If you’ve been in recovery for many years, your attitude towards holidays has probably changed a lot since your first years sober. At first maybe you worried about how to just get through the holidays sober. But now, with so many sober turkeys under your belt, you’re the one giving the advice.
Sure, you still have to be careful, but you’ve learned the holiday routine and know how to maneuver your way through dinner parties and crazy relatives. It gets a little easier with each passing holiday, and the more turkeys we place under our belt, the more confident we become.
Confidence isn’t always bad. But when we get to the point where we don’t even think about our sobriety around the holidays, we’ve probably also reached a place where our attitude toward recovery has become dull.
Are you losing the wonder?
The more we have of something, the less we seem to appreciate it. Whether it’s a miracle like sobriety or a move to a new job, our wonder at a great gift or the excitement of change rubs off with time.
Unfortunately, our appreciation of recovery seems to wear off with time as well.
The exuberant, hopeful spirit of a newcomer, the silent awe of hearing a testimony in a meeting, the excitement of getting our first birthday chip—the wonder of these things easily fades as time goes on.
Even around the holidays, our life becomes routine.
Sure we’re still grateful. We appreciate our family. Our house. Our job. Of course we’re still going to celebrate Thanksgiving.
But do we really mean it? Are we genuinely, deeply grateful? Or has Thanksgiving become just another excuse for a big meal?
We—those in recovery—of all people should be last ones to take this holiday for granted.Gratitude is foundational to the A.A. culture and our sobriety, and we should always participate in an opportunity to express thankfulness with warmth and passion.
The success of our sobriety depends on the extent of our gratitude
In recovery, a grateful attitude mean everything. Gratitude must be our attitude if we want to stay sober. Being grateful also keeps us humble, hopeful, and free from self-pity, which is the doorkeeper to relapse.
It’s more than a slogan, it’s our very perspective on life. Because our sobriety was so freely given to us, we truly have so much to be thankful for.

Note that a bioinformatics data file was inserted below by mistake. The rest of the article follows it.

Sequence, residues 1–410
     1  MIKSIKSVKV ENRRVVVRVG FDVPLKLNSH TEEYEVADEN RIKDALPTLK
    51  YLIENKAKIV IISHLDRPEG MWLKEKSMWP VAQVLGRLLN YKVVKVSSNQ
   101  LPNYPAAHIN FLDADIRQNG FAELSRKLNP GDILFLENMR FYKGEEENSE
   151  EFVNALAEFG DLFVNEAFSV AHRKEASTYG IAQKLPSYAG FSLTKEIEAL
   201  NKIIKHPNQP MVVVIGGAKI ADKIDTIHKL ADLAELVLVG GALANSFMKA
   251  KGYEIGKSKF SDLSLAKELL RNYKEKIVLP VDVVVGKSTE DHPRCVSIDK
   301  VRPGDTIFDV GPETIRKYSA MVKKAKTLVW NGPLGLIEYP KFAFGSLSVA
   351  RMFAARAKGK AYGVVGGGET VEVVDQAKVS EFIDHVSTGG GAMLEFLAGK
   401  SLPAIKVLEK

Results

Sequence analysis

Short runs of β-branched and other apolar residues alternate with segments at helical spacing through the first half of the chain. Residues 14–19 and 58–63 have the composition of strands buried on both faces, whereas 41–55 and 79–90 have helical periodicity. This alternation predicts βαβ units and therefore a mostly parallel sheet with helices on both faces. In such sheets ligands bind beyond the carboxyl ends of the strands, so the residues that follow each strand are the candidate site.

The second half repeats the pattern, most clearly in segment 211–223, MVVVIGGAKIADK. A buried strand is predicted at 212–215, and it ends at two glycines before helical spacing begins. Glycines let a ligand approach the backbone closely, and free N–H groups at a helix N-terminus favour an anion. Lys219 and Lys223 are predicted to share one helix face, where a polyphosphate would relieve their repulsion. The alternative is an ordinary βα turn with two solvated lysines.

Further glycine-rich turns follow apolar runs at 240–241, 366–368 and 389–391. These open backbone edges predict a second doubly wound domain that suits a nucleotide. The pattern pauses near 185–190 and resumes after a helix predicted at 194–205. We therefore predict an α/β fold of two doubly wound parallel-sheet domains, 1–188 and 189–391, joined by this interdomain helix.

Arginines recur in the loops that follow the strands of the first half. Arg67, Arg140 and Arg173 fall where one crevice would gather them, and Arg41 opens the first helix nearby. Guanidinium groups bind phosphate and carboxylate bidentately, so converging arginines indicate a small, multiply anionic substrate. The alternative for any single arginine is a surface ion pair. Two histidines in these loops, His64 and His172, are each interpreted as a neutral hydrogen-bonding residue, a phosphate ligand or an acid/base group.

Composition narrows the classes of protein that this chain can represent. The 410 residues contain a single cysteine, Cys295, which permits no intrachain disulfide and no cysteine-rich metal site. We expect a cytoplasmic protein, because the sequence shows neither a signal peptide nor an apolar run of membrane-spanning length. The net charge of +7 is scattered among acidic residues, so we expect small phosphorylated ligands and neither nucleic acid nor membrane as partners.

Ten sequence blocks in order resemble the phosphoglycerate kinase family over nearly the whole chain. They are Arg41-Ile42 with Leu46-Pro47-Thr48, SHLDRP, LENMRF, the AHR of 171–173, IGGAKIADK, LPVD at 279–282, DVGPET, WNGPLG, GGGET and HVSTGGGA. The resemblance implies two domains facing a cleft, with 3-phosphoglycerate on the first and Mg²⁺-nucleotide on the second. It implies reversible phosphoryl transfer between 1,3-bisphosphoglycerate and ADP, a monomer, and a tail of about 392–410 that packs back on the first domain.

We have more to be thankful for than most people
In recovery, thanksgiving isn’t just a means of staying sober—it’s a duty.
People in recovery have more cause to celebrate Thanksgiving than the majority of Americans. When we stop to think about what our life was before we got sober and compare it with our life now, we realize just how grateful we ought to be.
No matter how loudly or how often we express our thankfulness, the extent of our gratitude can never quite equal the magnitude of what recovery has done for us. We always have a reason to be grateful, and we can never express it enough.
Are you genuinely grateful?
Have you ever wondered why the Dead Sea is called “the Dead Sea”?
Sitting 427 meters below sea level in the deserts of Israel, this salt lake has water inflowing from the Jordan River, but no outlet streams. The inbound rivers give new water to the sea, but there is nowhere for the water to go but up (through evaporation), leaving a stagnant pool of salt and minerals unsuited for any kind of life.
Everything dries everything up and new life is all but impossible.
Gratitude prevents our lives from becoming like the Dead Sea. With so many blessing poured onto us—so much love and help from our sponsors, counselors, family and friends—the natural response of a genuinely grateful heart is to share this joy with others.
A Call to thankfulness
Don’t let the familiarly of 10 years sober sap out the wonder of recovery. Revive your sobriety this Thanksgiving season. Take time to reflect on how much you have and find ways to share your joy with others.